My Favourite TV Shows: 2022
Given the plethora of streaming and subscription options available these days, it’s increasingly hard to know where to turn for great tv storytelling. Even if we set aside the insane cost of subscribing to all of these platforms, the sheer volume of content is enough to make you dizzy. There is no doubt we are in an era of exceptional prestige television content, but we also find ourselves in a churning sea of mass produced mediocrity too.
This year I really immersed myself in episodic streaming & TV content more than ever before, and there were some truly outstanding shows that captured my imagination. That said, I was very picky about what I watched this year (often signing up to a service on a trial basis just so I could watch one particular show) and the list below contains my picks for the very best shows I have seen this year. Many of them will likely end up on other end-of-year lists with good reason, but hopefully there are a few surprises in there, or even reminders of shows you had intended to catch but forgot about.
See also: My favourite Films: 2002 // My favourite podcasts: 2002
Severance (Apple TV+)
Severance is an astonishing piece of work that tackles grief, identity, work-life balance, belief systems, and so much more. A workplace drama that doubles as a meditation on life, with a propulsive piece of thriller storytelling at its centre. There’s hints of David Lynch eeriness & oddity, with elements of The Office mundanity, Michel Gondry surrealism, and sprinkled with inventive, offbeat humour. This is a profound work of art made by people at the absolute top of their game. Exceptional storytelling, expertly delivered . And what a cast – John Turturro, Christopher Walken, Patricia Arquette, Britt Lower and Adam Scott. My favourite show of the year without a shadow of a doubt, and I can’t wait to see where it goes next.
Barry (HBO/NOW TV)
Barry is one of the most interesting, funny and twisted shows out there at the moment. This year saw the third season of Bill Hader’s dark tale of a hitman place itself firmly on my must-see list. It was weekly appointment viewing for me. The balance between dark subject matter and genuinely hilarious humour that the showrunners have managed to craft is something to marvel at. In addition to the standout performances from Anthony Carrigan and Henry Winkler (and Hader himself), it was the direction of these shows that really caught my eye this year. Hader is a genuinely gifted director and the motorbike sequence in episode 6 is an absolute masterclass in tension, compelling storytelling, and good old-fashioned action. I can’t say enough good things about this show. If you haven’t seen it yet, do yourself a massive favour and start at the beginning. I wish I could see it again for the first time.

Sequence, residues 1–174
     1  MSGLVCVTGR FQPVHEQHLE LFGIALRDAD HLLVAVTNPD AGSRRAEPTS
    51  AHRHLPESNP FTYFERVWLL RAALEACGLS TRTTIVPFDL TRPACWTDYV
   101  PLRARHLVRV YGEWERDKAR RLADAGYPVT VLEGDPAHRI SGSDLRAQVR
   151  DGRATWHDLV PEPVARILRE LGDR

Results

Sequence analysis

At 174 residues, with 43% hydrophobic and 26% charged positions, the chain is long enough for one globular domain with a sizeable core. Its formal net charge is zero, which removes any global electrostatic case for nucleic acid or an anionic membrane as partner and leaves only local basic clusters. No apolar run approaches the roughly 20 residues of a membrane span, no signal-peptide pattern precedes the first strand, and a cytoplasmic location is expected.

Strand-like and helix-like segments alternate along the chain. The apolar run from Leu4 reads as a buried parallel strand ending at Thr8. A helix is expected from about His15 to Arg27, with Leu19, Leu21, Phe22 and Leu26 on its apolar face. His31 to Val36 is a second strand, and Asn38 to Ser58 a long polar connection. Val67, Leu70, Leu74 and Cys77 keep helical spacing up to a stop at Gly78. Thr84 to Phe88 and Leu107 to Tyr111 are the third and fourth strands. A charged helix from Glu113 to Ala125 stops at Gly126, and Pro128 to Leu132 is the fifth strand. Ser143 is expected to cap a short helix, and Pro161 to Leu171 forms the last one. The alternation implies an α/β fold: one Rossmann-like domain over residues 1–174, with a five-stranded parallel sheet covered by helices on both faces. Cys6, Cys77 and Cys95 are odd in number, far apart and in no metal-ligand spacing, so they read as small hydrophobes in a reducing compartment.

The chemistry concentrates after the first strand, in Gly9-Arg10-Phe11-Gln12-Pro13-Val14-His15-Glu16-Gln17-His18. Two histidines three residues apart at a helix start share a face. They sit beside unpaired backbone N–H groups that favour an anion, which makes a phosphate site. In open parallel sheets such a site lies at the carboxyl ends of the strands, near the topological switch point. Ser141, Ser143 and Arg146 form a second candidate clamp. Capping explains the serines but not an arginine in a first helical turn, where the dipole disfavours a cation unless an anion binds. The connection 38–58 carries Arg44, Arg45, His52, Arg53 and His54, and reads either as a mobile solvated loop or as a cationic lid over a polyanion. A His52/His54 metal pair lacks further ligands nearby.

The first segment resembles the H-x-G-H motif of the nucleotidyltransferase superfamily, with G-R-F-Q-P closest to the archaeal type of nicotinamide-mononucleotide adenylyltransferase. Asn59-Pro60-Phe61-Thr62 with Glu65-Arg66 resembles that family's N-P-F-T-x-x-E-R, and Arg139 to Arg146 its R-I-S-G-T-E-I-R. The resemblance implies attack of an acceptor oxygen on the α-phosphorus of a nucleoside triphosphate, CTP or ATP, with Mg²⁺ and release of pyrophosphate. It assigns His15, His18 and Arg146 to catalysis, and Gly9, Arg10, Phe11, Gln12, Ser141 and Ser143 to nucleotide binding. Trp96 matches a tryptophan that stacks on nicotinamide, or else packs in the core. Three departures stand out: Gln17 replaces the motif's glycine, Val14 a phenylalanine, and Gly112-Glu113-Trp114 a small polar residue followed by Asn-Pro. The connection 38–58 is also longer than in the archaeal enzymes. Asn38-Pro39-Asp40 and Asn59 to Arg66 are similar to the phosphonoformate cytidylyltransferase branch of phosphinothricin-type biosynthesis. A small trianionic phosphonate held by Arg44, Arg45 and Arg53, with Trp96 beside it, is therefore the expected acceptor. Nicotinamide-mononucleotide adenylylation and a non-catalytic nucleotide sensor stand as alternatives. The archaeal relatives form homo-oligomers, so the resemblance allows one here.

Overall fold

This Way Up (Channel 4/Hulu)
I stumbled across This Way Up by chance and what an absolute gem it is. Tackling tricky territory such as mental health and relationships could have been really clumsily done, but instead we were treated to a highly intelligent, thoughtful and incredibly funny piece of storytelling. Aisling Bea is a revelation in the central role, with a magical blend of wit and melancholy that never feels over the top. Sharon Horgan once again lends her immense creative talent to proceedings and this is her best acting work since Catastrophe. The episodes are short and sharp, so you can blaze through this quickly (as I did) and it will leave you wanting to see more of this world and its characters.
Better Call Saul (AMC/Netflix)
The final season of this superb show was a thing of beauty. To maintain tension and intrigue in a story where we already know the fate of major characters is a storytelling feat not to be dismissed. Better Call Saul was anchored in precise brilliant writing, gorgeous cinematography, and real craft from its remarkable cast. A prequel/spinoff show rarely ignites the imagination, but this show is the rare case of surpassing its source material in many ways. For me, it is undeniably better than Breaking Bad, although, ironically, it could not exist without it. If you haven’t seen it yet, then do yourself a massive favour. It’s Saul Goodman!
We Own This City (HBO/NOW TV)
We Own This City is a dark and densely layered look at corruption in the Baltimore police department and the accompanying judicial system. A companion piece to David Simon’s other masterpiece The Wire, it manages to tell a true story in a thoughtful, effective way; cross cutting between timelines and perspectives, with expert pacing. This is compelling, smart storytelling with a central performance from Jon Bernthal as Wayne Jenkins, that might just be one of the best tv acting performances all year.